DENPASAR, Indonesia — The Indonesian resort island of Bali reopened on Thursday for international tourists to visit its shops and white-sand beaches for the first time in more than a year — if they were vaccinated, tested negative and came from outside the United States In some countries, quarantine and be aware of public restrictions.
However, foreign tourists may come slowly. No international flights to Bali were scheduled on the first day of reopening, with tourism officials predicting travel will pick up in November.
Government minister Luhut Binsar Pandjaitan, who is leading Java and Bali’s response to COVID-19, said in a statement that Bali’s airports will welcome new arrivals from 19 foreign countries that meet World Health Organization criteria, such as controlling their COVID-19 case. Later Wednesday.
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These countries are Saudi Arabia, United Arab Emirates, New Zealand, Kuwait, Bahrain, Qatar, China, India, Japan, South Korea, Liechtenstein, Italy, France, Portugal, Spain, Sweden, Poland, Hungary and Norway.
Passengers on all international flights must have proof that they have been vaccinated twice, tested negative for the coronavirus upon arrival in Bali, and undergo a five-day quarantine at a designated hotel at their own expense, Pandjaitan said. They also have to follow strict rules at hotels, restaurants and beaches.
“We have to tread carefully because we need to be vigilant,” Pandjaitan said.
President Joko Widodo attributed the decision to reopen to Bali’s high vaccination rate. The number of COVID-19 cases in the country has also fallen sharply; Indonesia has seen around 1,000 cases a day in the past week after peaking at around 56,000 a day in July. During the pandemic, the country has confirmed more than 4.2 million COVID-19 cases and 142,811 deaths, the most in Southeast Asia.
Tourism is the main source of income for the idyllic “Island of the Gods”, home to more than 4 million people, mostly Hindus from the Muslim archipelago. Bali’s tourist area was deserted 20 years ago after tourists were scared away by deadly terrorist attacks on foreigners, but the island has struggled to overcome that image.
Before the pandemic, more than 6 million foreigners arrived in Bali every year.
The number of foreign tourists dropped six-fold from 6.2 million in 2019 to just 1 million in 2020, while 92,000 people lost their jobs in the tourism industry and the average room occupancy rate in Bali classified hotels was below 20%. The island’s economy shrank by 9.31 percent year-on-year last year, according to Statistics Indonesia.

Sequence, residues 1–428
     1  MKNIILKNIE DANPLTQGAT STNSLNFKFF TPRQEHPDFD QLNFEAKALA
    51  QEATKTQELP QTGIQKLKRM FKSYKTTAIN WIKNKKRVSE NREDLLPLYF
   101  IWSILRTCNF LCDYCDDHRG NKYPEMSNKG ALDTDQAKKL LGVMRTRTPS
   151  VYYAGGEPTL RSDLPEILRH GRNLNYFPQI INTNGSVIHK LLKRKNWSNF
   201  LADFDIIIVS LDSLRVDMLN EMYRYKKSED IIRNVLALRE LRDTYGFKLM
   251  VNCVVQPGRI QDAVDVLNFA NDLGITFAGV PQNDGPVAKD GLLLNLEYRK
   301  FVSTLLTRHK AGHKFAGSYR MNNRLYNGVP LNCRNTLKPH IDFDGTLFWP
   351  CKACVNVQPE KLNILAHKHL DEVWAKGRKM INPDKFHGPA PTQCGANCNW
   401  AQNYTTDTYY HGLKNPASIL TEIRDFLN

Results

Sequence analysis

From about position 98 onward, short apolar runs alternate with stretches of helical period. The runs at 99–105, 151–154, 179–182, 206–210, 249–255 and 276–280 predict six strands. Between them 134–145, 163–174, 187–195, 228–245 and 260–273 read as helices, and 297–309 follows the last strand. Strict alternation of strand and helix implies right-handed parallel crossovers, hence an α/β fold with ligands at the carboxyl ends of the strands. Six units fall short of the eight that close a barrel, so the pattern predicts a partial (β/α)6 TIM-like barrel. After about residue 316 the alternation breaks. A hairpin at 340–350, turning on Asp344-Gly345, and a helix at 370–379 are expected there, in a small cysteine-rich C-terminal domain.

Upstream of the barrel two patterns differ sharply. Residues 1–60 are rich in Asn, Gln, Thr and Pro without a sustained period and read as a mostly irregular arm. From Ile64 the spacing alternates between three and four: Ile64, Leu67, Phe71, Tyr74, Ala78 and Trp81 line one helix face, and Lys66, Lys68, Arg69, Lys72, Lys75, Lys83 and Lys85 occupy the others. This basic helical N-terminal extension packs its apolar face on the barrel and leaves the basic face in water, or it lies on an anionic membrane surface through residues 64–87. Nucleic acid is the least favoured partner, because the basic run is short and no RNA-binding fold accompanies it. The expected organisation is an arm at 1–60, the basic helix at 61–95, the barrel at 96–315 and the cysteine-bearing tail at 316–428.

After closing the island to all tourists early in the pandemic, Bali reopened to Indonesians from other parts of the country in the middle of last year. That helped the island’s gross domestic product expand by a modest 2.83% in the second quarter of this year, ending five consecutive quarters of contraction.
The July surge, fueled by the delta variant, once again completely emptied the island’s usually bustling beaches and streets. Authorities restricted public events, closed airports, closed all shops, bars, sit-down restaurants, tourist attractions and many other places on the island. It reopened to domestic travelers in August.
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Sang Putu Wibawa, general manager of the Tandjung Sari Hotel in Bali, said on average only two of its 40 rooms were occupied and he hoped the reopening would help occupancy rates return to normal.
“We’ve been waiting for this moment for a long time,” he said. “This outbreak has hit the local economy hard… We are happy to welcome foreign guests by following health protocols.”
Widodo said the decision to reopen Bali was based on its high vaccination rate and a desire to revive its economy. He said more than 80% of Bali’s population has been fully vaccinated.
“Based on this situation, I am optimistic that we have decided to reopen international flights to Bali,” Widodo wrote on his official Instagram on Saturday.
Putu Astava, director of Bali Tourism, said the lack of time was one of the reasons why tourists did not arrive immediately
Airlines need time to arrange flights to Bali, while tourists need time to arrange travel documents such as air tickets, insurance and virus testing and five-day quarantine accommodation.
He expects new visitors to start in early November.